I was asked to read the book Flying Above the Glass Ceiling and give the author my comments. I always feel under such pressure to do this (what to say if I don't like it?), especially since I'm writing my own book and know that you just can't please everyone. If I'm willing to blog about it, my feelings about the book must be ones I would like to pass along...
Captain Nina Anderson has compiled a book about the women in aviation between the era of the WASP up to the present day. The WASP were amazing in supporting the war effort in WWII but their efforts did not achieve full equality with their male counterparts though they did many of the same jobs - especially since they were only offered jobs as flight attendants instead of pilots by a major airline after they were disbanded by the government. If you don't know the history of the WASP. Stop Reading. This. Now. and proceed to Wikipedia to learn about these amazing women. Then come back. We'll wait.
Ok, so we now know it took thirty three years for these women to get official recognition for their efforts, so there were many years leading up to 1977 - and after - for women to gain acceptance as pilots and equals (some would say we're still waiting...). It was only just last year that the WASP received awards for their military service! But there has been and are so many other aviation careers available - and rarely do we hear stories of the first female major airline pilots, corporate pilots, aeronautical engineers, air traffic controllers, etc., and examples of their struggles to be able to get their turn at the controls.
Well, here, after a nod to the women who blazed the trail before them, is a book that talks about those women who punched through the glass ceiling that the WASP and others in the past could only crack. And Flying Above the Glass Ceiling tells their stories with all the facts - some of them a bit harsher than others. It could not have been easy to be a fully qualified (perhaps even over-qualified) female applicant and told that you weren't going to be hired for the job because there were no bathroom facilities appropriate for the "fairer sex." Or that the wives of the other pilots would be threatened by a woman working so closely with their husbands. Or laughed at as a child when voicing dreams of going into space. Luckily legislation has made some of this, at least, illegal. You'll have to read the book to hear get the stories about ridiculous treatment from the general public.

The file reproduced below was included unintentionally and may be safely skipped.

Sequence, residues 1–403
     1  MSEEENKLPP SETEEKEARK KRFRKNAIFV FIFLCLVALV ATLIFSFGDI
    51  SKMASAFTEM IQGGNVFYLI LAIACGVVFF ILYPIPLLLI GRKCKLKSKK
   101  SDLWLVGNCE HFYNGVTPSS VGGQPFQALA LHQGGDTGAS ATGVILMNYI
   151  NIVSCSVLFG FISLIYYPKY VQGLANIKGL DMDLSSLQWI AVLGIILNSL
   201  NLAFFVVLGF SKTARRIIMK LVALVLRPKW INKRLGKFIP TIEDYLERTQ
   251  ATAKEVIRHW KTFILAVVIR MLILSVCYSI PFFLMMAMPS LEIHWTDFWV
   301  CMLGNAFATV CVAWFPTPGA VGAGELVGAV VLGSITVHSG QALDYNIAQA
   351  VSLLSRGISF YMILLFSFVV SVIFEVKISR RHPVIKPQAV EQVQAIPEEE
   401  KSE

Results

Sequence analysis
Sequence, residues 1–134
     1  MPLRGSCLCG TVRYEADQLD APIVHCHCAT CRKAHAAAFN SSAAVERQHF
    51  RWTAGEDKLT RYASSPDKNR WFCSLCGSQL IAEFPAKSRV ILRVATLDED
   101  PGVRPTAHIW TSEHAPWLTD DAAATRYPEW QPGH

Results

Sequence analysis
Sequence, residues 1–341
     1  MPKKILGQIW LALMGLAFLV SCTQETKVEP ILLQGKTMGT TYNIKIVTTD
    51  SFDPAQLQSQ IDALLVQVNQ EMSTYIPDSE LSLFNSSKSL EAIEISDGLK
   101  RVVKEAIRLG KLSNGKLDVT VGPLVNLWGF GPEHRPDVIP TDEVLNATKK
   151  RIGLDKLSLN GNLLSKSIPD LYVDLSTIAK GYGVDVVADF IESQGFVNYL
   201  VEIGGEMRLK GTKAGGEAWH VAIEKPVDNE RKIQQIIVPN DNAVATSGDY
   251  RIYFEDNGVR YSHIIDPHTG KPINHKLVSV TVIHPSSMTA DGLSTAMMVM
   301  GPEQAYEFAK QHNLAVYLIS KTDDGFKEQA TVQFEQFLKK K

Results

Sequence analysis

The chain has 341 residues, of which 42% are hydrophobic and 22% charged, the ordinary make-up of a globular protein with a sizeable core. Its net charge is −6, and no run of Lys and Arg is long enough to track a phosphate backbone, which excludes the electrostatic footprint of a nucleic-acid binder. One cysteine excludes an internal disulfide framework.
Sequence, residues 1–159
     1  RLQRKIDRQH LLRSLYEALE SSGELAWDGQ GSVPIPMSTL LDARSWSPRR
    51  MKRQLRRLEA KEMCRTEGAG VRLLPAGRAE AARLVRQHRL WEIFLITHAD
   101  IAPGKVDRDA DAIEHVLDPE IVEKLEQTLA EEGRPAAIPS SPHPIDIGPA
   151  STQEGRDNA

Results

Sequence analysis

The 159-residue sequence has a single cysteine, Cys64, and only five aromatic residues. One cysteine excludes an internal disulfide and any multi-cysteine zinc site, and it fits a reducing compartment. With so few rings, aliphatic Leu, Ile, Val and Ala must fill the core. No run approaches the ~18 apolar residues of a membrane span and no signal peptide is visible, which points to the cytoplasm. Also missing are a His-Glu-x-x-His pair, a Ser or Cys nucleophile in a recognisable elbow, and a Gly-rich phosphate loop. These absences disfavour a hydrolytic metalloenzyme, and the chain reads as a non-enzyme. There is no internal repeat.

I found myself inspired by many of their stories. I remember the day in the Army Flight School when a senior officer said to me, "You know the only reason you're here is because you're a female." The wind left my sails with an audible whoosh (though that could have been the lungful of air that escaped when that verbal punch hit my gut). Here I had thought I had gotten there (and stayed there - seemed like a lot of folks wanted to wash me out) through all of the hard work I was putting into my classes.
Although I feel I had a bit of a struggle in my becoming and being a pilot, it was nothing compared to women being outright criticized and rejected merely because of their gender. I appreciate the honesty of the women in this book who share their stories and their frustrations of being hired only to be the only pilot in their flight department not able to do ________, since a woman's place was _______. [This was kind of a recurring theme, feel free to choose your own words to fill in the blank.] It is also an underlying message in all of the stories that everyone is responsible for creating her own success.
Just in case you think this might be a call to burn your bra and scream out an anti man tirade, it is far from it. A couple of the women even submit opinions such as "women who seem to attract harassment or discrimination expect it." I can't agree with this generalization, though I will offer that none of the chapters relate only negative experiences. The contributing authors also share moments where they had people offering an incredible level of support (made more obvious in the midst of some who only liked having female pilots around to hit on). The most important thing we current women in aviation can do is to mentor our successors and offer our support to those following in our footsteps in what is still, obviously and unarguably, a male dominated profession. Ignoring this fact does not make it go away. Encouraging more women into aviation so they can be successful there will achieve the equal acceptance women seek.
I believe this book helps with that goal because it gives wonderful insight into the career progression of all of the women so that people unfamiliar with the different ways of "building time" in a career in aviation will learn about various routes to achieve their goals - whatever they might be. The book closes with some well worded, well deserved tips on being a respected professional in the aviation world (some unfortunately need a little reminding). But mostly it allows us to know the women who wore our shoes first; and though the styles have changed the lessons still apply today. Their frustrations, motivations and inspiration and why they continued to fly against headwinds no matter how strong and gusty because they wanted their dreams to take flight.
If you like what I had to say and would like your purchase of the book to result in a donation to Girls With Wings from Amazon.com click here.